In category theory, the expression $f\circ g=h$ ($\circ$ being the binary composition "function" on the class of morphisms) suggests that the morphism $h$ is unique when it clearly needn't be. Do we not have to define an equivalence relation on the set of morphisms using the $hom$ class?
Do you have some sort of counterexample or heuristic reasoning that leads you to believe that $h$ is not unique? Given a concrete category, the binary composition of morphisms becomes the binary composition of functions. Since a function takes one input and relates it to exactly one output, applying $g$ to the input $x$ gives the unique output $g(x)$, and the composition $f \circ g$ applied to $x$ gives $f(g(x))$, which is the unique output of $f$ applied to $g(x)$. Since this is the case for all objects $x$ in the concrete category in question, $f \circ g$ has been uniquely determined insofar as I can see.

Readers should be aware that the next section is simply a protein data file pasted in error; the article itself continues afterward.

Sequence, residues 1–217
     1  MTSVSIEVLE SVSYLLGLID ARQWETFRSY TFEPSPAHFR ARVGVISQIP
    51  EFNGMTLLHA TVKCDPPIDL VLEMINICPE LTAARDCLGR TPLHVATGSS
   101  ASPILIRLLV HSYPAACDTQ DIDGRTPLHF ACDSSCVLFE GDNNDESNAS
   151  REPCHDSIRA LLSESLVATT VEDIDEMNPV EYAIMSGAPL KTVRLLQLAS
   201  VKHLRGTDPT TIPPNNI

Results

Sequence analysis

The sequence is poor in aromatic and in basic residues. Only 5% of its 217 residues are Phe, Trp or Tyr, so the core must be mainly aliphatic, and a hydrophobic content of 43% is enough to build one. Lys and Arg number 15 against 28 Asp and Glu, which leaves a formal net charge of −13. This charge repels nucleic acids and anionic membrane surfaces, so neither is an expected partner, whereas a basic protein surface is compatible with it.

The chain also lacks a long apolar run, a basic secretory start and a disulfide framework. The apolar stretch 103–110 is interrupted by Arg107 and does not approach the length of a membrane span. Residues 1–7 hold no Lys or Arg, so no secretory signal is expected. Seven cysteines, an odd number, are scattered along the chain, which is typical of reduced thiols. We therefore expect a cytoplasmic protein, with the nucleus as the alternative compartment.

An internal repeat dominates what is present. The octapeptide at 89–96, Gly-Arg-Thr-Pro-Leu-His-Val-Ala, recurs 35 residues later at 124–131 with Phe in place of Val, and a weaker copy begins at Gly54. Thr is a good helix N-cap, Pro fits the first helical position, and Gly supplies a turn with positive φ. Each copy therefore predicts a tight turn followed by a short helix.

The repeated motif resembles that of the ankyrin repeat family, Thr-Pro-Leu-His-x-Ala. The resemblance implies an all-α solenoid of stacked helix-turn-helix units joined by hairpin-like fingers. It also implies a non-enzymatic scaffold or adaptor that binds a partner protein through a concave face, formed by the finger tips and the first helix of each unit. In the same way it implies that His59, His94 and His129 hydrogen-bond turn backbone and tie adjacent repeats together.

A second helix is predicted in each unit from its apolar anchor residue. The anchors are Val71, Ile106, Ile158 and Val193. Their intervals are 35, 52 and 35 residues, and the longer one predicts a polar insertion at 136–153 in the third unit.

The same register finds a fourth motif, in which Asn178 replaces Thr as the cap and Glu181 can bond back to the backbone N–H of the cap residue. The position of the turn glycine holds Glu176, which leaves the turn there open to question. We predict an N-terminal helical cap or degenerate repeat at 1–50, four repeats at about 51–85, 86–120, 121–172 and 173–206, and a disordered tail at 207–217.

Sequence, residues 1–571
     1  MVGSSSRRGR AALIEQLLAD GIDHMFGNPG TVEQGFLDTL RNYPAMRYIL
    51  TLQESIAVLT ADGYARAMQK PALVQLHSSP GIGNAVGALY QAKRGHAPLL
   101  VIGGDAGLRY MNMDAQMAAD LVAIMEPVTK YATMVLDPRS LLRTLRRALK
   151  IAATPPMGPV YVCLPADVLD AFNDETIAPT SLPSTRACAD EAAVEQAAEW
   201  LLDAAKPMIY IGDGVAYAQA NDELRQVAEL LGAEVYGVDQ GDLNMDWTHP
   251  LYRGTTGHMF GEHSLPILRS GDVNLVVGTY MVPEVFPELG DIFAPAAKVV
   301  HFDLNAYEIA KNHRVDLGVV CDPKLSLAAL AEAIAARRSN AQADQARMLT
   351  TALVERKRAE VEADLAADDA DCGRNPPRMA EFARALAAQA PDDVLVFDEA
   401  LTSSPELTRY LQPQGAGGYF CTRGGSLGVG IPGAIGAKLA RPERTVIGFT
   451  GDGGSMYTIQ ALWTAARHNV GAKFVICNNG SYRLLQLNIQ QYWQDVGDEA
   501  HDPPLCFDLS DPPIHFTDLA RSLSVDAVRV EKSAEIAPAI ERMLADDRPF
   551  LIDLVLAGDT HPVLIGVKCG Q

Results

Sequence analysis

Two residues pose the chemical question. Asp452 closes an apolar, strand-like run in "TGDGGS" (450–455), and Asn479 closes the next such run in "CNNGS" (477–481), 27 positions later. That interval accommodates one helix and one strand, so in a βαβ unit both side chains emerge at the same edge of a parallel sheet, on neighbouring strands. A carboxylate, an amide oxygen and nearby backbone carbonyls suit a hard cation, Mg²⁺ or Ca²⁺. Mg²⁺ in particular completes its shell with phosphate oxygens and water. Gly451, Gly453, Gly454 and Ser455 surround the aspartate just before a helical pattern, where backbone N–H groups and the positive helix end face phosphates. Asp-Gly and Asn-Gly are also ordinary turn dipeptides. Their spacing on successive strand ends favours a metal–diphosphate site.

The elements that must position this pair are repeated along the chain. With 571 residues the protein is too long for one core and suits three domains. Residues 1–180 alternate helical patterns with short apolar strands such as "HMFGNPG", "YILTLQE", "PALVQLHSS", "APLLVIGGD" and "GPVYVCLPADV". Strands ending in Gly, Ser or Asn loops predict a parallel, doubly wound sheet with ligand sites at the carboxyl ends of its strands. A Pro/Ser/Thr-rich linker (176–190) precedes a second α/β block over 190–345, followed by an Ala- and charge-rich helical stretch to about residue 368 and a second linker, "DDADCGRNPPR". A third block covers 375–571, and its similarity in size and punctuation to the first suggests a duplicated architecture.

The common definition of a category demands that for every morphism $f$ there are uniquely determined domain a codomain objects. So, strictly speaking for every objects $A,B,C,D$ in a category if $Hom(A,B)\cap Hom(C,D)\ne \emptyset$ then $A=C$ and $B=D$.
Most definitions of (set enriched) categories will include either the explicit domain/codomain (large) functions or the pair-wise disjoint condition on the hom-sets as axioms (each can be proved from the other of course).
Side remark: Interestingly, in the definition of enriched categories these conditions do not appear explicitly.